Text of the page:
Our mindset influences how we feel, emotionally and physically. Let us see how we can create a mindset that will help us feel better as we cope with illness.
When we are first diagnosed with any major illness we may respond with denial; “It can’t be happening to me”. This kind of thought distances the illness from us. For a short period, denial may help give us time to grasp what is happening to us. But a long period of denial can sabotage our search for solutions and make us surrender without a fight.
So, what to do?
During testing and before meeting the doctor to hear the test results:
- Write down your strengths and keep adding to the list as you think of more. Ask your family and friends to also add to this list based on their perception of your strengths.
- Write down what you are grateful for in life.
- Write down possible sources of support: childcare, housework, shopping, transportation, finances, etc.
- Write down what gives you pleasure in life.
- Try to involve your loved ones in all activities and ventures you undertake to strengthen yourself. They can be of major support.
The day you receive your test results:
- If they are positive, allow yourself to cry, to be angry, and to curse if you want to. Do not hold back your emotions. Ask your doctor any questions that come to mind, no matter how silly you think they are, and no matter how busy and dismissive the doctor is (bearing in mind that there are hundreds of doctors in any particular field in the country).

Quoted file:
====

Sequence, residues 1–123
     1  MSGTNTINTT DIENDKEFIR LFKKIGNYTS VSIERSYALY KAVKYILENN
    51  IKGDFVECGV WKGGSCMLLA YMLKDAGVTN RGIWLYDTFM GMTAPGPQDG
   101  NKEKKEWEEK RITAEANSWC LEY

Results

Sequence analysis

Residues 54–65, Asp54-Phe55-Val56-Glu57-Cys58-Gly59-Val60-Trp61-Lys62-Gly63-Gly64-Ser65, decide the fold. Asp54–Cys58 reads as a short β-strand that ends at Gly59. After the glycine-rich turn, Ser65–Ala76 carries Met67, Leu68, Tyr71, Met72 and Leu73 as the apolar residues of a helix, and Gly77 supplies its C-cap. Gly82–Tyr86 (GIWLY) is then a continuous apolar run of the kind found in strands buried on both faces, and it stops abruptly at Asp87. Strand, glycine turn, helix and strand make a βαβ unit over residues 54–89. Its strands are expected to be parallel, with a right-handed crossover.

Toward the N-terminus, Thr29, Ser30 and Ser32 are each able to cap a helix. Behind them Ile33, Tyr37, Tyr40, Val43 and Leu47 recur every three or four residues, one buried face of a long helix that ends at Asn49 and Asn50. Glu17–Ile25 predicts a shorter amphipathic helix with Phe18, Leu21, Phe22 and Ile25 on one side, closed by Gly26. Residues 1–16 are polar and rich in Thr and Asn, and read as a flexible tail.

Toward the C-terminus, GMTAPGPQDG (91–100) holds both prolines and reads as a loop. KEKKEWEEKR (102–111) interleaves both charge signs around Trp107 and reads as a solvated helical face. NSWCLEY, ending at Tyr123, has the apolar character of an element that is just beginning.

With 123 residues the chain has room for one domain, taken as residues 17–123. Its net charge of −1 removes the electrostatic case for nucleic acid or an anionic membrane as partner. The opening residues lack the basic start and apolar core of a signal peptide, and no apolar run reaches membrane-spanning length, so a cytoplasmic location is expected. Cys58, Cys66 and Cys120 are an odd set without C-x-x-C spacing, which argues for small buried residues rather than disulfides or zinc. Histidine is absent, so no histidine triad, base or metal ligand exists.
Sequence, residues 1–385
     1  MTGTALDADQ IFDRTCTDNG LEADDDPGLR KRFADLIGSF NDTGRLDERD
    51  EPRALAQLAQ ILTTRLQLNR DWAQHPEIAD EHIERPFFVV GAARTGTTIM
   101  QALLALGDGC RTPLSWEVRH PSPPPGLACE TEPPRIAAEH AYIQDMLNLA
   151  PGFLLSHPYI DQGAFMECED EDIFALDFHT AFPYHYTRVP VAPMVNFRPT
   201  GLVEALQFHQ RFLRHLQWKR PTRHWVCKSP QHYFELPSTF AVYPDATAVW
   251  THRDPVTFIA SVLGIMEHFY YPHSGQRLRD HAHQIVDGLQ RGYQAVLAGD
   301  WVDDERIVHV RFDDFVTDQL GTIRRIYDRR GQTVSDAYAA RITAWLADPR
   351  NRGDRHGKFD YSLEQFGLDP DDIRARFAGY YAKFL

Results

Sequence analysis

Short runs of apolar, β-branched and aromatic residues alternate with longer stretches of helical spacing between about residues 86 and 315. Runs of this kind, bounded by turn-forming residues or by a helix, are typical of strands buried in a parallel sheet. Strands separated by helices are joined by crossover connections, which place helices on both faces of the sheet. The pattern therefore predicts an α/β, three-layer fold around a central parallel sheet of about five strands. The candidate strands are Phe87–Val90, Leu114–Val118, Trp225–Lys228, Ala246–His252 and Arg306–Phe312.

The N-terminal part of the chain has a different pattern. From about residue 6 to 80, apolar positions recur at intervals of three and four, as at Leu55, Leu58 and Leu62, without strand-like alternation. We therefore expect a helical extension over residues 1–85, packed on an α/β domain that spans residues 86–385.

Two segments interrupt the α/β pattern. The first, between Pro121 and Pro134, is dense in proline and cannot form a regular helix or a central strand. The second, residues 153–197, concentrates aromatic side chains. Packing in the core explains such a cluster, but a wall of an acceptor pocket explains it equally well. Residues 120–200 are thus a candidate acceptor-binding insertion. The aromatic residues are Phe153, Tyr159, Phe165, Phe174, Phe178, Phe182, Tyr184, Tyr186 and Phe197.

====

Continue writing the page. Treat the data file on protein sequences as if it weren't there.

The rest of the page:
- When you get home, take a few minutes to yourself. If there is no place for privacy, go to the bathroom. Write down all the negative and dark thoughts and fears that you are experiencing.
- Now that you have your negative thoughts on paper, let them be for the moment. You can always come back to them.
- Go and meet with your family or friends. Make the effort to work with them on steps to take to alleviate the situation. Discuss your fears with them.
- If you receive answers such as: ”Don’t worry, all will be fine at the end” or “Ah, it’s not a big deal, you can beat it”, then ask of them to be genuine and express their emotions and thoughts frankly.
- Ask them to help you find information such as possible treatments and solutions to your everyday responsibilities and chores.
- Distance yourself from individuals who whose well-meaning pity brings you down. Seek out those who encourage you, conduct research on your behalf, and create enjoyable activities for you. You need to feel empowered, not incapacitated.
- Copy your strengths, what you are grateful for, and what you enjoy from the list you created on sticky notes and stick them all around your home. Read them regularly and let them serve as encouraging reminders.
- As for your list of responsibilities and chores, prioritize them, jot down the steps needed to achieve them, and demand the cooperation of those loved ones you identified as sources of support.